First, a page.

Jute is cultivated at a season when, if not cultivated, most land will remain barren. The tolerance level of jute crop to the harsh monsoon weather is unmatchable and as a result, most farmers cultivate this crop in Bangladesh wherever possible.

Last week I visited some of the prime Jute growing areas of the Faridpur region and as you can see from my photos, COVID-19 couldn’t refrain our farmers from start preparing their jute lands and sowing the seeds. Actually, in some lands, the seedlings are emerging, providing hope to the farmers for this season’s upcoming harvest.

I had the privilege to talk with some of these farmers about their expectations and concerns regarding the jute crop this year. Most are optimistic that the pandemic will pass soon and by the time they will harvest their crop, the markets and the mills will be running at full speed.

There is always that big question mark, IF? What if the pandemic cripples our economy? What if the mills are unable to run due to lack of foreign orders for jute yarn? What will happen then? Who will compensate for their losses? How they will repay the debts they are incurring for the cultivation process? Lots of things and lots of lives are at stake here.

Each of these groups of people are connected to the other. The mills, which primarily purchase the raw jute and transform those into the finished products are one of the vital parts of this group. If the mills cannot run, then the entire chain will collapse as the demand for raw jute will diminish, putting the farmers, workers and all other groups’ income at risk.

In our collaboration with Juteborg Sweden AB, workshops were organized at the factory of Razzaque Jute Industries Ltd. on Farmers to Factory Jute Supply Chain™ (F2F)™ in the month of February and July of 2019. In these workshops farmers were informed and given information on many areas regarding the cultivation of jute, including the use of organic natural fertilizers, using weather reports to mitigate the negative effects of climate change, the concept of crop insurance, cultivating their own jute seeds, and most importantly, creating a direct connection between the jute mills and the jute farmers.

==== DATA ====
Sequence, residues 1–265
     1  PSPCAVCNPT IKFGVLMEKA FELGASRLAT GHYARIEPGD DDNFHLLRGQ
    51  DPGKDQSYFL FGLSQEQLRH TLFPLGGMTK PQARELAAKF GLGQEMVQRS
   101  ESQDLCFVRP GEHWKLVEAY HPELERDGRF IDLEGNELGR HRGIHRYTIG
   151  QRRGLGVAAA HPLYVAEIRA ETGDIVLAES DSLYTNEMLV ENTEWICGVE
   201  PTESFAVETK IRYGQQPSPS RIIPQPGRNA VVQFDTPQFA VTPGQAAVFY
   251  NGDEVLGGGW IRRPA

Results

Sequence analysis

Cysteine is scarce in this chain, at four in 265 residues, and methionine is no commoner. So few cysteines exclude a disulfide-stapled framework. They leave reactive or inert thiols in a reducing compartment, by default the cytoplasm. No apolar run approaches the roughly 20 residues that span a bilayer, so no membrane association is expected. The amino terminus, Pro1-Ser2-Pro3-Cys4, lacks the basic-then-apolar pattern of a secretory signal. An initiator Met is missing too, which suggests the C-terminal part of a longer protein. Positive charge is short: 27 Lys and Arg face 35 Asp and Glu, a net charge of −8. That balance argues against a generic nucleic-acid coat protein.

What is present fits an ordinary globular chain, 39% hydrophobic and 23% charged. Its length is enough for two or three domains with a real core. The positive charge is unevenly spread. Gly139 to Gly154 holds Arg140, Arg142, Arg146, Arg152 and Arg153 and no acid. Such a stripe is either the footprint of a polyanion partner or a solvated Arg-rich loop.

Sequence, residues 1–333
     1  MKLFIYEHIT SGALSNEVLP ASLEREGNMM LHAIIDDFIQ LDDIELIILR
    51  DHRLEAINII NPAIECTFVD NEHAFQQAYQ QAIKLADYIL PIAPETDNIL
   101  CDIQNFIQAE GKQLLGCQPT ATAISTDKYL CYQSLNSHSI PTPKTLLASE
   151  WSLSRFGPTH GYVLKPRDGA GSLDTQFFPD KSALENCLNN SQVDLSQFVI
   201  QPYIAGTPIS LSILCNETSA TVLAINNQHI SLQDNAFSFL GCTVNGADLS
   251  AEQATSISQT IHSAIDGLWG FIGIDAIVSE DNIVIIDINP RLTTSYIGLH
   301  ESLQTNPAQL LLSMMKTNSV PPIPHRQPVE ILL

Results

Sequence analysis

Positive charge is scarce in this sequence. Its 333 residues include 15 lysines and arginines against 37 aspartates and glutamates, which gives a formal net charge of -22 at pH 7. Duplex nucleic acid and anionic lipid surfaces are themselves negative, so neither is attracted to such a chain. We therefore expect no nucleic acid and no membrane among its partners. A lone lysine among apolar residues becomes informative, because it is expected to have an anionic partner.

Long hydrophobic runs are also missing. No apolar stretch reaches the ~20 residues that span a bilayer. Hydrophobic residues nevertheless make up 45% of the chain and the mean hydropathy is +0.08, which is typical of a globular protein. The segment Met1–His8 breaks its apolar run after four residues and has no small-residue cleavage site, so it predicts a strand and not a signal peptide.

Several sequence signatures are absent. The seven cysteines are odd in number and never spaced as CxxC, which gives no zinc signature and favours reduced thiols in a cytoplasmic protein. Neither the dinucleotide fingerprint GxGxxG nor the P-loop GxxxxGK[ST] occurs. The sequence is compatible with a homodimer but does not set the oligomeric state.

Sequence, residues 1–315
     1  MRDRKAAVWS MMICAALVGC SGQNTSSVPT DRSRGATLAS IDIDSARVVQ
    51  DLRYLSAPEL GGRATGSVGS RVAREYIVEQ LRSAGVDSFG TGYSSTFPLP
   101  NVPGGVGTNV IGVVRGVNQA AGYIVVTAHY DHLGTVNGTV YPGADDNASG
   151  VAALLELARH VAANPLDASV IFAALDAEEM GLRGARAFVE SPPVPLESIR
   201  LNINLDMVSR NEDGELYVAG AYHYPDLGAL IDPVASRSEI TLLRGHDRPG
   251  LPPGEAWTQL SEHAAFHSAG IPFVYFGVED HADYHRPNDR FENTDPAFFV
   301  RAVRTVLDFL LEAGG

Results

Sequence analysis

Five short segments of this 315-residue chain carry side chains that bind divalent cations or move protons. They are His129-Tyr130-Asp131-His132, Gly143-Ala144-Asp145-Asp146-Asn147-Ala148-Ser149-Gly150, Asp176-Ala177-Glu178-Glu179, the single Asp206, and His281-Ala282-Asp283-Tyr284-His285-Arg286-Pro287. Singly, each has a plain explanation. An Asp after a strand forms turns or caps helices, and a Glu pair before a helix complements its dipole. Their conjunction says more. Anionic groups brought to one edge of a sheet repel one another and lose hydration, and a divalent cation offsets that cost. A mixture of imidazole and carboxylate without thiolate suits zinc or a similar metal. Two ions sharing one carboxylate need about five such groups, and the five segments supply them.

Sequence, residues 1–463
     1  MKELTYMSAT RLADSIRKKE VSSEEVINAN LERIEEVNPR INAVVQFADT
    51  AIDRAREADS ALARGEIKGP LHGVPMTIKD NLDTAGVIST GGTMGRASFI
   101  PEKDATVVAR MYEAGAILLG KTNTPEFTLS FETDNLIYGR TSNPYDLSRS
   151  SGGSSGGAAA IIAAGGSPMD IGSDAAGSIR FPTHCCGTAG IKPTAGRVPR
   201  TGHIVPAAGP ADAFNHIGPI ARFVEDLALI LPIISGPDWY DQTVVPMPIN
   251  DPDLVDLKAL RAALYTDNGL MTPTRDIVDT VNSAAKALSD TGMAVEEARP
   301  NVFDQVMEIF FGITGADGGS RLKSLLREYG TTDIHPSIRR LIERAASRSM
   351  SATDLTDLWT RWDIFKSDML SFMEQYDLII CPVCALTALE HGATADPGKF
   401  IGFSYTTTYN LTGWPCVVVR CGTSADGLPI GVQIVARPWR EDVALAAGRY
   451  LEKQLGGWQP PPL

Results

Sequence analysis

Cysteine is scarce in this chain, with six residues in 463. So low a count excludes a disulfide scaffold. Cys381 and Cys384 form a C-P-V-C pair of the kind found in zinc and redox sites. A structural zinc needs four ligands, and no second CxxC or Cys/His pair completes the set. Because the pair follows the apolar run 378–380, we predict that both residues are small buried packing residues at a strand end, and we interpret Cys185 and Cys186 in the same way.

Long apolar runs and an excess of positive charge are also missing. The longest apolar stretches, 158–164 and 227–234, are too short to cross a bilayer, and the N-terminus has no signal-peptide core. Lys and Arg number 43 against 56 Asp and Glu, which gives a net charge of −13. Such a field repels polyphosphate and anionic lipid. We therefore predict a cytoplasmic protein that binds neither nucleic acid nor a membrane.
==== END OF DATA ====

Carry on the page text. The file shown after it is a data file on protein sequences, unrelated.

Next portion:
Concepts and lessons discussed in these workshops proving to be really helpful during this crisis period of COVID-19. Farmers are using the connections they created with our jute mills to ensure that the demand for their jute crop will persist for the upcoming jute season. The workshops co-organized by Juteborg Sweden AB and RJIL forged a valuable connection between our jute mills and the jute farmers which has never been done before in this sector.

As a continuation of this revolutionary process, I have continued to visit the farmers on behalf of our collaborative efforts and monitor and collect data on the actual situation from the sites. During this crisis period caused by the worldwide pandemic of COVID-19, our F2F™ effort is providing huge support to our farmers to lessen the adverse effects of the pandemic.

We always boast to the world that farmers are the backbone of our economy. If we really believe in this phrase, we have to do something, something meaningful and sensible to mitigate the situation. We can not just sit around and let this pandemic decide our fate. We have to work, and work hard to safeguard the fates of 50 million people of Bangladesh who depend on the Jute sector. Jute is something that is uniquely ours and we must protect this sector, and F2F™ is giving us a strong platform to carry on our effort seamlessly.

Therefore I urge all who think about the fate and future of Bangladesh to broaden their minds and think about the security and sustainability of the Golden Fibre of Bangladesh, Jute!

Written by Jassim Hossain, (Advisor Razzaque Jute Industries Ltd) Implementation lead of the F2F™ activities in Bangladesh